If you’re coaching your own son or daughter, the benefits may seem obvious. But there are a host of other reasons to coach youth sports–both good ones and bad ones.
Coaching youth sports provides a coach with many internal rewards including a strong sense of personal satisfaction in teaching young children how to both participate in and enjoy sports. As a coach, there’s a special feeling in knowing that your efforts have helped a young player realize that they too can contribute and play the sport–seeing their self-esteem takes a step forward as a result of your efforts.
When I coach, I enjoy building a team–developing each player’s skills and understanding of the game, and then watching a bond slowly form among them as they begin to share a common goal. More selfishly, I like being part of a team, competing, and staying connected to the child inside me. I also enjoy playing basketball with my former players when they become adults, each of us appreciating the unique community and circle we are a part of.
What about the reasons not to coach? If you’re competitive to the point that this attitude dominates your coaching decisions and behavior, you may want to step aside and let someone else coach. Screaming at the officials and your players, placing too great an emphasis on winning (versus fun and learning), and using an overly critical teaching style, are all characteristics of the potentially hurtful youth coach.
But If your heart’s in the right place, and you feel that you’re reasonably qualified to coach youth, why not give it a try?
Here’s a story that describes my first “big” moment in coaching. If you’re still on the fence about coaching, you may find it helpful. As you read the following words, ask yourself how you would feel if you were in my place. What rewards would you take away from this experience?
As a town recreation counselor during my college summers, I taught fourth through sixth graders fundamental basketball skills and also officiated their games. At the end of the summer, an All-Star game was played between teams representing each of our town’s two parks.
On the team that I coached was a sixth grader named Chris who was an outgoing boy who loved to shoot the ball and score. But when it came to playing good defense, or expending energy on anything other than the offensive side of his game, Chris seemingly could care less. He had a somewhat lackadaisical attitude toward the game.The All-Star game was closely contested and went into overtime. With little time left and the score tied, I called a timeout and ran through what I wanted my team to do. Chris, bending over, still breathing hard from his all-out defensive effort, looked up at me and proclaimed, “Coach, if we win this game, I promise to hustle the rest of my life!”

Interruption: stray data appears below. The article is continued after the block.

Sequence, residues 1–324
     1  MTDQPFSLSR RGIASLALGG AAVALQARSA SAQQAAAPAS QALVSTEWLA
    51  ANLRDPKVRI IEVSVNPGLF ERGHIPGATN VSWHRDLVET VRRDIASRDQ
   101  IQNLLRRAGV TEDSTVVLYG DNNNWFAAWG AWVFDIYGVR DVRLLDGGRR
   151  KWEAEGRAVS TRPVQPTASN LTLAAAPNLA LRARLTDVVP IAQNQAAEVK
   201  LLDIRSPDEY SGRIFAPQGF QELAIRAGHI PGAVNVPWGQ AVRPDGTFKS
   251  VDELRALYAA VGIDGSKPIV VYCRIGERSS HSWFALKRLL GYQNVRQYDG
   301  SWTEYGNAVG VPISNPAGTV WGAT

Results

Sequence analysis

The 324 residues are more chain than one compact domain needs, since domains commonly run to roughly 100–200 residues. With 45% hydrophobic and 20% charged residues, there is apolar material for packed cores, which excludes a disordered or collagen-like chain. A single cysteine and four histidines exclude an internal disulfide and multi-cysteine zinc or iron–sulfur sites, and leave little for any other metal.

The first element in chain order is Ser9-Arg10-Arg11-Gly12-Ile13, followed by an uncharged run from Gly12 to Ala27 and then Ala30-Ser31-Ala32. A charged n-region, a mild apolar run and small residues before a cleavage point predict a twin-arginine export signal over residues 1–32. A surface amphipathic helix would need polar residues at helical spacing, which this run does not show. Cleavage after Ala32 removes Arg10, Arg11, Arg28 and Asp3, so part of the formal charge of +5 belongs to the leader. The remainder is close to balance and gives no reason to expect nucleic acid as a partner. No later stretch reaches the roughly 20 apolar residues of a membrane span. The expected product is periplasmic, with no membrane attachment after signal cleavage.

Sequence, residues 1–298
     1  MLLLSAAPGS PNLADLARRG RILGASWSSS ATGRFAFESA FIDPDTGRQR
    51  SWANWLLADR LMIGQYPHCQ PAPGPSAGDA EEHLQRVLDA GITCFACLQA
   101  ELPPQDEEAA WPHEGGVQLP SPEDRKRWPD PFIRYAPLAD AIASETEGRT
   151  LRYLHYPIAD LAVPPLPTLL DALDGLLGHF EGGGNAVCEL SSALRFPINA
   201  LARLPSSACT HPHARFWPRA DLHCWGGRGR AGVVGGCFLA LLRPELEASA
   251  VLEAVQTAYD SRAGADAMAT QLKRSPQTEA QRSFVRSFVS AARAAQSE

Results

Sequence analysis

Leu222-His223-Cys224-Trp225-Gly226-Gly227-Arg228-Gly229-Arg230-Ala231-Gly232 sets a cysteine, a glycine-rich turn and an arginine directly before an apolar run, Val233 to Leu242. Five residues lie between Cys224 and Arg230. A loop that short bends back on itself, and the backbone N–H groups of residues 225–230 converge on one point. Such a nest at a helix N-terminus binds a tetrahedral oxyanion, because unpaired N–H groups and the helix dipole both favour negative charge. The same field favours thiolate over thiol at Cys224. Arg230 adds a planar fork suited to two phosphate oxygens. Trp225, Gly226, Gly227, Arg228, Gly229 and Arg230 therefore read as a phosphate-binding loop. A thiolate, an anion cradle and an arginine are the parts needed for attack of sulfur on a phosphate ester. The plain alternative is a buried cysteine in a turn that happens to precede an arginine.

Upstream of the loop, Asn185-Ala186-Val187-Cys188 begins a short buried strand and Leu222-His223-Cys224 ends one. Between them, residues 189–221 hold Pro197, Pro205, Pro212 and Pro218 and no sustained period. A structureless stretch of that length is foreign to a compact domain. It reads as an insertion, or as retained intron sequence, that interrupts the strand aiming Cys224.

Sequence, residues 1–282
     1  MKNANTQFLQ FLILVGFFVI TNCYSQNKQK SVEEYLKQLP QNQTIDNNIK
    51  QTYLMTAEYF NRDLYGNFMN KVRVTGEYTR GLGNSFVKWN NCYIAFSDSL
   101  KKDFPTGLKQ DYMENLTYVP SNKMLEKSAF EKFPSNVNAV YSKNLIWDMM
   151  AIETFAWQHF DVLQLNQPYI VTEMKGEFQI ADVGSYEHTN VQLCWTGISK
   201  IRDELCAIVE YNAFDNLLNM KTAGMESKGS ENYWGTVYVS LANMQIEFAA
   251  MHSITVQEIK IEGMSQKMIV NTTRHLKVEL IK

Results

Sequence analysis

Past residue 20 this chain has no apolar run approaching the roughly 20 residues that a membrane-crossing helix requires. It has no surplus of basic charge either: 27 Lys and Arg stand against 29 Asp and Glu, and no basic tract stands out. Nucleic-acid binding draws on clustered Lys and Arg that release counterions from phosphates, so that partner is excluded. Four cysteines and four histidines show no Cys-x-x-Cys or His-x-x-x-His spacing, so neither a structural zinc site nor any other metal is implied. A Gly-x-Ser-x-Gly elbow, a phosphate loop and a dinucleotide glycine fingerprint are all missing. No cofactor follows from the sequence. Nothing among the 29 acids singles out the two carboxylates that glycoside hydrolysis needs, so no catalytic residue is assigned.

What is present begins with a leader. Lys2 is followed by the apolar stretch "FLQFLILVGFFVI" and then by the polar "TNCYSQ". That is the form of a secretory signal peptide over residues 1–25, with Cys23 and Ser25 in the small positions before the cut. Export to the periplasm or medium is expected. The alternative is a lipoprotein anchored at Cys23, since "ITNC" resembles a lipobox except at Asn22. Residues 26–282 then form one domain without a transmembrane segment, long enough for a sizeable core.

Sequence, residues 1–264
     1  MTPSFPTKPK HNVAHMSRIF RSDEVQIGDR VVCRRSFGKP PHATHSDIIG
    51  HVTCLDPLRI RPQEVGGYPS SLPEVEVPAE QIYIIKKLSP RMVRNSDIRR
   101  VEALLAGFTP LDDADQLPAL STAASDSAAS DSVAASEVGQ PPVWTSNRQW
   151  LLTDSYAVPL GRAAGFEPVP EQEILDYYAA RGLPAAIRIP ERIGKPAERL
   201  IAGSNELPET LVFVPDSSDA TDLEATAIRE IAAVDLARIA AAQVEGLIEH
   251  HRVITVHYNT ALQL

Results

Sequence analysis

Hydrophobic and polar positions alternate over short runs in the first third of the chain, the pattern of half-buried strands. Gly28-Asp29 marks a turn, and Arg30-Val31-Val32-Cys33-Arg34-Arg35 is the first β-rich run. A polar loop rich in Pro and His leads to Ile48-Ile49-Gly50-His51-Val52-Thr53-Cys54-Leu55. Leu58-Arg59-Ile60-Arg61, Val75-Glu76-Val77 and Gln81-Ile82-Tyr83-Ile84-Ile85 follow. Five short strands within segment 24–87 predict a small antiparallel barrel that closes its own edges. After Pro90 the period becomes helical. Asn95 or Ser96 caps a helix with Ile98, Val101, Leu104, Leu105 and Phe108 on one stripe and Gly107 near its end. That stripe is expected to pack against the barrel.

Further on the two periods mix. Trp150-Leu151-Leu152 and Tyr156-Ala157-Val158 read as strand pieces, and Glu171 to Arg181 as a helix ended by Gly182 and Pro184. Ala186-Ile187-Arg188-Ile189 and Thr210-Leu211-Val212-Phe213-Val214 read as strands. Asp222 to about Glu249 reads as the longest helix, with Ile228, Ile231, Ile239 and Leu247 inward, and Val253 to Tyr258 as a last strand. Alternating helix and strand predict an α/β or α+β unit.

More experienced coaches and parents are probably accustomed to these types of statements from young boys. But for me back then, it was all I could do not to burst out laughing at this unexpected and exceedingly earnest statement. Besides the humor of Chris’s prospective life commitment, I was also struck by his desire to succeed and willingness to expend all of his remaining energies to help our team win. That moment revealed a noble part of Chris’s character I hadn’t seen before.
I don’t remember whether our team won or lost the game, but I haven’t forgotten that timeout. To finish the story, I happened to run into Chris years later when he was a young adult. He introduced himself to me, and we talked briefly about those summers in the town park. Before our conversation ended, Chris said, “Coach, do you remember that All-Star game I played in?” I told him I did. He went on to talk about the thrill he experienced playing in that game. Years later, that game still represented a fulfilling moment in Chris’s life–a proud remembrance of meeting a challenge early in life and playing to the best of his ability.
Although Chris’s experience came in the heat of an All-Star game, I’ve many times since seen the same response from players of limited skill engaged in a competitive game. They too have found themselves playing an integral, exciting part in something larger than themselves. They’ve also experienced the personal satisfaction of contributing to the success of their team, whether it was sinking a shot or setting a screen that freed a teammate to score.
So Coach, “Are you in?”
We had customer provide us with some feedback on our baseball drills deck of cards. We thought we would pass it along, as well our response which we feels explains fairly well the essential value of CoachDeck and why our product is so popular in the youth sports community: